What you do is hold the calves off at night, let the cows in the next morning, rope ’em, tie ’em to the fence first and then tie their legs nine ways to Sunday and get your bucket. One cow is good for around pint of milk. Not that she don’t have more, it’s just getting it from her. Do that three or four more times and you got enough milk for glass at breakfast, and maybe cup at dinner or supper. Except for me. Kinda put me off milk. still don’t care for it. 
In those years from the time was kid and now, Santa Gertrudis cattle have been used in crossbreeding programs. I’ve seen some crosses really like. like Hereford bull on Gert cows. That’s good calf. But it doesn’t have to be Hereford. was talking to man recently who knows lot about Gerts, and he pointed out that if you’ve got good solid set of cows, you can go on them with anything. If you want to keep your calves red, go with a Red Angus. If color isn’t important, you can go with Charolais. The point he was making to me was, if you’ve got solid set of cows, you can change your calf crop in one breeding season by changing bulls. 
think it all comes down to your personal situation and area. But know from experience that Santa Gertrudis can be found all over the U.S. Back in the ’80s, spent few years hauling registered cattle. When B.K. Johnson had the Chapparosa Ranch at La Pryor, Texas, he used to have an annual sale. He would have your cattle delivered anywhere in the continental U.S. for free or little set fee. got in on the Southeast and Eastern U.S. They sent couple of big trucks to Jackson, Miss. to the old mule barns, and me and two others delivered the cattle from there to the buyers’ ranches in 32-foot Goosenecks. On one of my last runs delivered to Alabama and Atlanta, then took one cow on up to Virginia and then came back to Northeastern Kentucky with six head. (It was the best way to load to deliver.)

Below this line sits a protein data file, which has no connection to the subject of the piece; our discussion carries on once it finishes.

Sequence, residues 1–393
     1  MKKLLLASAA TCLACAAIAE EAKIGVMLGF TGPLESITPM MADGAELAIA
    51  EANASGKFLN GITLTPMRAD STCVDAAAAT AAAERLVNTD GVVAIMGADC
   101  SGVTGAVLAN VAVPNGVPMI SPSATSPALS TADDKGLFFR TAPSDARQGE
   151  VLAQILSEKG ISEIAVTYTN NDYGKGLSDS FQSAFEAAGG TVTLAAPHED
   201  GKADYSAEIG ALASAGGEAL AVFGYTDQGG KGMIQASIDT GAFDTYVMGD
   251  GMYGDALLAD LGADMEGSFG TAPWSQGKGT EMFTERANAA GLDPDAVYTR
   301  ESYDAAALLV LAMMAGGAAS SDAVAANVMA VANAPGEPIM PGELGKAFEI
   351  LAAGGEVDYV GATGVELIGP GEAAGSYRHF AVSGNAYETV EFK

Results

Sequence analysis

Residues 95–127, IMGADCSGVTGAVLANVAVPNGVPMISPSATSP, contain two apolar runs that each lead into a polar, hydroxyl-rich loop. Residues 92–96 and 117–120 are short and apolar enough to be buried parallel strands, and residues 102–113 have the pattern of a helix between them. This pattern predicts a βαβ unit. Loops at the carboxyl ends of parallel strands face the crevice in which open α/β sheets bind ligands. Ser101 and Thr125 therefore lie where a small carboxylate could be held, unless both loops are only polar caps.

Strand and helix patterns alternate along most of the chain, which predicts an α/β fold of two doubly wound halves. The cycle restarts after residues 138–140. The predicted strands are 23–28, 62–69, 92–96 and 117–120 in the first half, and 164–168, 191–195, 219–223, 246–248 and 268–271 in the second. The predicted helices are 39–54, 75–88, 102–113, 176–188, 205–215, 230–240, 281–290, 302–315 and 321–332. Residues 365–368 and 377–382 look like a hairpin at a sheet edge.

Going across to Kentucky it started snowing and by the time got there it must have been a foot deep. thought, “These South Texas cattle are gonna freeze up here.” The place went to had an oI’ Texas boy as manager and asked him about it. He showed me the heated barn where they would keep the cattle for the winter. Then he told me to follow him, he wanted to show me something. We went down to one of their paddocks and there was wad of Gert cattle with hair as long as any Charolais. He told me that was last year’s Chaparosa cattle. They adapted to the cold in one year. He said they had to keep them in heated barn the first winter, but after that, they were fine. 
I  wouldn’t have believed it if hadn’t seen it myself. guess you can go anywhere with them and do anything. don’t recommend milking them though. That’ll sure put you off milk. 


Leave a comment


Email(will not be published)*


Your comment*
Please type the characters of this captcha image in the input box

Please type the characters of this captcha image in the input box

Submit Comment

© Copyright Texas Cowboy Art - Site created by Blade Resources